top of page
  • David Skarin

Buttermilk Brined Spatchcock Smoked Turkey

Updated: Jan 21, 2021

I recently read an article about someone raving about a buttermilk brined turkey. To be honest, I was a skeptic at first, not sure why, but I was. Luckily for me, I’m a curious individual. Otherwise, I may have let this pass me by and believe me, I’m happy I didn’t! This is a shocking easy preparation for one of the best turkeys I’ve ever eaten. You do need to prepare it two days in advance though, which can be a bit of a pain. But again, trust me, it’s worth it. Beauty of this recipe is that it does also allow a heavy amount of customization pending on your flavor profile. You can use a rub on the turkey, although I suggest staying away from anything with a heavy amount of salt as the brine adds the perfect amount of salt. You can add herbs to the baste and bring in a floral note. Whatever your heart desires, you can customize this recipe to fit your wants. Or, you can cook it as is and enjoy!

And don’t get me started on the left over for the best turkey sandwiches. Make sure you also have bread, mayonnaise and a pinch of salt on-hand to dig into one the best day-after turkey sandwiches.


Fast Facts

Category: Turkey, Poultry

Cut: Whole Turkey

Weight: 18 pounds

Grill: Traeger

Heat Source: Wood pellets

Prep Time: 15-30 Minutes + 48-hour brine

Estimated Cook Time: 3-4 Hours

Actual Cook Time: 3 Hours and 45 Minutes

Total Time: 3.5-4 Hours + 48-hour brine

Estimated Cooking Temperature: 225° Fahrenheit and then 400° Fahrenheit for final 15-30 minutes.

Actual Cooking Temperature: 225° Fahrenheit and then 400° Fahrenheit for final 15-30 minutes.

Cook Date: November 21, 2020


Ingredient List

  • Whole turkey (mine was 18 pounds)

  • Buttermilk (or every pound the turkey weighs, you need ¼ quart of buttermilk. So, if you have a 12-pound turkey, you want 12*1/4 = 3 quarts. A little more is fine but not less.)

  • Fine sea salt (this one can get a little tricky as it’s best to use weigh as salt can vary in size but the weight is what dictates the salinity. For every pound the turkey weighs, you want 10 grams of salt. 1 tablespoon of fine sea salt weighs about 18 grams. So, if you have a 12-pound turkey, you need 120 grams of salt. Using the estimate of 1 tablespoon is 18 grams, then you would need 120/18 = 6 and 2/3 tablespoons of salt…math is fun!)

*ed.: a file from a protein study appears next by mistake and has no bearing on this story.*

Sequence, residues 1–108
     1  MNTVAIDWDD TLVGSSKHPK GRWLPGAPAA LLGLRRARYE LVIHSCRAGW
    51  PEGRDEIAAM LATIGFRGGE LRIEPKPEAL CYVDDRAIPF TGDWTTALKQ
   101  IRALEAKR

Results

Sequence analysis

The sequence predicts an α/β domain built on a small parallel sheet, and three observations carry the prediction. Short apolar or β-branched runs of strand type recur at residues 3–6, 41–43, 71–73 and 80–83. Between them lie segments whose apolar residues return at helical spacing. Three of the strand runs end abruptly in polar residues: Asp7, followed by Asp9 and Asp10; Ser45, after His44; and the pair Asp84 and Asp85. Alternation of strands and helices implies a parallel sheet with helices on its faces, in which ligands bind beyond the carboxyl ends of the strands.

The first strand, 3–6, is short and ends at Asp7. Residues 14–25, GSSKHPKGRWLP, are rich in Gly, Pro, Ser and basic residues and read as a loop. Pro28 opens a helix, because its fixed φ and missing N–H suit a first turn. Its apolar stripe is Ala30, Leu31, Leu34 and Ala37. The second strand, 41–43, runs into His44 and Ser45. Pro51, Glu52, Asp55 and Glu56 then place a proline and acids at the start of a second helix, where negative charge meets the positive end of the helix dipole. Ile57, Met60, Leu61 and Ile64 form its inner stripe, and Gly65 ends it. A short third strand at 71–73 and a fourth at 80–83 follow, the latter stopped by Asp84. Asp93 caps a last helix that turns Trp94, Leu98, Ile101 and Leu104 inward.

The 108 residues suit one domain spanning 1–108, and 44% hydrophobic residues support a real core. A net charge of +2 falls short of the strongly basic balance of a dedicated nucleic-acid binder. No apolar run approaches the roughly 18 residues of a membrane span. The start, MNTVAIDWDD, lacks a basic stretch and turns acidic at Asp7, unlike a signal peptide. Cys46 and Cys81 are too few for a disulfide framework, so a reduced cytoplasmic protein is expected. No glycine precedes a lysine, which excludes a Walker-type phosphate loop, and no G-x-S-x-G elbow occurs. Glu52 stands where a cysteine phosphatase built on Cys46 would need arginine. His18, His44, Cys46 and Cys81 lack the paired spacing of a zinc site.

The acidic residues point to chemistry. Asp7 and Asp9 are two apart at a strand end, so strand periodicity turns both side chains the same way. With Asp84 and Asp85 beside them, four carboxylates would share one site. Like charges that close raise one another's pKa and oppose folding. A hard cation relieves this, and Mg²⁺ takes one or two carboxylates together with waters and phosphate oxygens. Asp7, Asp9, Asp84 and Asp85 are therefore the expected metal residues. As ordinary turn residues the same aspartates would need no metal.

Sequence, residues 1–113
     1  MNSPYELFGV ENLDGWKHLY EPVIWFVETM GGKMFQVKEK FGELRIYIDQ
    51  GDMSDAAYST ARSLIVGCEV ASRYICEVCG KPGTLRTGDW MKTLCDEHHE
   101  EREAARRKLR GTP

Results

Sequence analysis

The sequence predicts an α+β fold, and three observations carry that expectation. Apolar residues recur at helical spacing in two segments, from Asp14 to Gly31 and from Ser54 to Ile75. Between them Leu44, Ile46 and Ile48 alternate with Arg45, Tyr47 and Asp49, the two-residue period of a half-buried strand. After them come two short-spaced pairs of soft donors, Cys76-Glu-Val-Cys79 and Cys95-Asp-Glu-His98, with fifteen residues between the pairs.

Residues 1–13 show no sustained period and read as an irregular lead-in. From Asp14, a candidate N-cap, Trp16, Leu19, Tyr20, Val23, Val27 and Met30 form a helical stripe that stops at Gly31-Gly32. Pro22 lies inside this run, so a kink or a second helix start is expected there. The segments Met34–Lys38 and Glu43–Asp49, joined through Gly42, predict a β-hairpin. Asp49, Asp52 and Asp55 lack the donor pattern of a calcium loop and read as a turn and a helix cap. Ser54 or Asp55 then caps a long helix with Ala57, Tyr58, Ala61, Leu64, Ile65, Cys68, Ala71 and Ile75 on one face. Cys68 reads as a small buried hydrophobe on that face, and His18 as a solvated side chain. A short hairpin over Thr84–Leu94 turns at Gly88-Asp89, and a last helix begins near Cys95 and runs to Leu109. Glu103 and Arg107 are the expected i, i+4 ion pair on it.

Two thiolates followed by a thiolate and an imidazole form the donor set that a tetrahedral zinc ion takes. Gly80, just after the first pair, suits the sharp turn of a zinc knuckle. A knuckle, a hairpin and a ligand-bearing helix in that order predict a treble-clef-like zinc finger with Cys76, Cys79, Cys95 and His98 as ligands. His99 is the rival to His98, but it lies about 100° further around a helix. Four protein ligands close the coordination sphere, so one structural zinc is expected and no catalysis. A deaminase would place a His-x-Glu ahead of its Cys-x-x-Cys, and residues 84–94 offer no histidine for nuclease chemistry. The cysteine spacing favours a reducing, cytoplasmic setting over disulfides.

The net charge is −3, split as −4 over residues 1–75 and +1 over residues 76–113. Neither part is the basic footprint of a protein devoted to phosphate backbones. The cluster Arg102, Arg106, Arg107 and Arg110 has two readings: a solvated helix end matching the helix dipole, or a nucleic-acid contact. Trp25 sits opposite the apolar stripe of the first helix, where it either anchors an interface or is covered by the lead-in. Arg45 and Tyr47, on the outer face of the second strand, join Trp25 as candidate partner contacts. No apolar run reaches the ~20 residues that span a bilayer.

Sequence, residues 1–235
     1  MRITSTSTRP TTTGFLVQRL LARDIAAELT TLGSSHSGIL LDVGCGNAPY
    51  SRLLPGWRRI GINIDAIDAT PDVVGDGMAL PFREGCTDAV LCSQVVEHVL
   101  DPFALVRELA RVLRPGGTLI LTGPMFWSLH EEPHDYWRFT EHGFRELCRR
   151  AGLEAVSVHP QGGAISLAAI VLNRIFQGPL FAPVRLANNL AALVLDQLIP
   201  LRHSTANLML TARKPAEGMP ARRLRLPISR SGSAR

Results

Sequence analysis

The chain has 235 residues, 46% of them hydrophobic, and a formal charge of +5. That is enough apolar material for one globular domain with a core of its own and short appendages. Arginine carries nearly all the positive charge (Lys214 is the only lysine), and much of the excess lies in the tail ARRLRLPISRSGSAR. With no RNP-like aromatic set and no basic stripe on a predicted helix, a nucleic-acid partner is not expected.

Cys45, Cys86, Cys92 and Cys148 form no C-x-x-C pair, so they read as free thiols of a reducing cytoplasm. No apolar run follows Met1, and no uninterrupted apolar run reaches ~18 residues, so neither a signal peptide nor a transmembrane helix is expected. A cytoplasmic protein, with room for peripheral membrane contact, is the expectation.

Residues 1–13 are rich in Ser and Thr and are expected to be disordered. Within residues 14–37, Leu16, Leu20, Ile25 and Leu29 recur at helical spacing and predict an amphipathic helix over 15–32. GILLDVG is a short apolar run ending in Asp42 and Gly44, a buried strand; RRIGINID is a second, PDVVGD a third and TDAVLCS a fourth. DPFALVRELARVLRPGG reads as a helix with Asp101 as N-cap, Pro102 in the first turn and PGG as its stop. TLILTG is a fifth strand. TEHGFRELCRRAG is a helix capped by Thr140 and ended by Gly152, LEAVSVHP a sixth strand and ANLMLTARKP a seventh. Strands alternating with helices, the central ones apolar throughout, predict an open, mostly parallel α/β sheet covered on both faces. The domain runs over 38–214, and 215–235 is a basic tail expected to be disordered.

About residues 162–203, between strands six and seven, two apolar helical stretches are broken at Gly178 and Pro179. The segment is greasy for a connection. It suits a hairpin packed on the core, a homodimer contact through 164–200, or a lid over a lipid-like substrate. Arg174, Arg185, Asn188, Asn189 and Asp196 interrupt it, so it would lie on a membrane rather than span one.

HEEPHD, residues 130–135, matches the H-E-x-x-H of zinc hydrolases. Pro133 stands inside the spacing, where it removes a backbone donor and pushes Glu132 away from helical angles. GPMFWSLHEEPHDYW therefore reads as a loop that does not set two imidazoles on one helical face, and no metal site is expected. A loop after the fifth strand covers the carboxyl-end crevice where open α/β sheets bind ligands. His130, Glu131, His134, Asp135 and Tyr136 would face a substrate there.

• ½ cup unsalted butter, melted

Supply List

  • Pending on the size of your turkey you can use a 2.5 gallon Ziploc bag for probably 18 pounds or less. Otherwise, you’ll need a food grade bucket or tub.

  • Food scale

  • Poultry shears

  • Thermometer - These are critical tools to have there are two main types. First, instant read thermometer like this one or this one. The Thermapen is worth its weight in gold and one I use almost every day. I know the price tag seems excessive but it's the best in the business for a reason. If you're looking for a dual temperature thermometer for both grill temperature and meat, this is the way to go. I use my Smoke for longer more specific cooks such as this.



Step 1: If you are starting with a frozen turkey, about a week before you plan on serving, remove from the freezer and into the refrigerator. This will start thawing the turkey slowly.

Step 2: Two days before you are planning on serving the turkey, make sure the turkey is fully thawed and spatchcock the turkey. To spatchcock, place your turkey breast side down on a cutting board. Using kitchen shears, cut the backbone out of the chicken. Trim off any remaining ribs. For a video of this, click here.

Tip: You can keep the backbone to make stock or use to help make gravy…or you can discard, your call.

Step 3: After removing the backbone, remove the neck and giblets. If you make your own stock or gravy, set these aside to use, otherwise you can discard.

Step 4: Place the turkey breast-side up, then firmly press down with your hands on the breastbone until you hear the cartilage break and the turkey lies flat. Trim off any excess skin. You want to ensure your turkey lays nice and flat. Again, click here for a video showing this process.

Step 5: Pending on the size of your turkey, you may be able to fit it inside a 2.5 gallon Ziploc bag. My 18 pound turkey fit inside a 2.5 gallon bag but there was very little room for more. If your turkey is over 18 pounds, I do not think it will fit in a Ziploc bag and you will have to use a food grade container.

Step 6: Place your spatchcocked turkey in the bag and add your buttermilk and salt. Seal and place in the refrigerator for 48 hours. I suggest double bagging it and placing it on a baking sheet in the event there is leakage.

Step 7: Turn the bag over every 12 hours or so to ensure even marinating.

Step 8: 2 to 3 hours before you plan on starting your cook, remove the turkey from the bag and scrap off as much of the buttermilk as you can. No need to get every bit off, just do your best. Set on a baking pan and allow the turkey to come to room temperature.

Step 9: Preheat your smoker to 225° Fahrenheit.

Step 10: Place your thermometer is the thickest part of the breast and put the turkey on the smoker.

Step 11: Once the turkey reaches 140° Fahrenheit, melt your butter and increase the temperature to 400° Fahrenheit. Start basting the turkey with the melted butter every 15-20 minutes. (For my cook, this was 3 hours and 15 minutes into the cook.)

Step 12: Once your thermometer is reading 160-165° Fahrenheit, remove the turkey from the smoker and let rest for 20 minutes.

Step 11: Carve the turkey and serve!


Lessons Learned (Note: I will update this section to include your lessons learned from the comment section)

114 views0 comments


bottom of page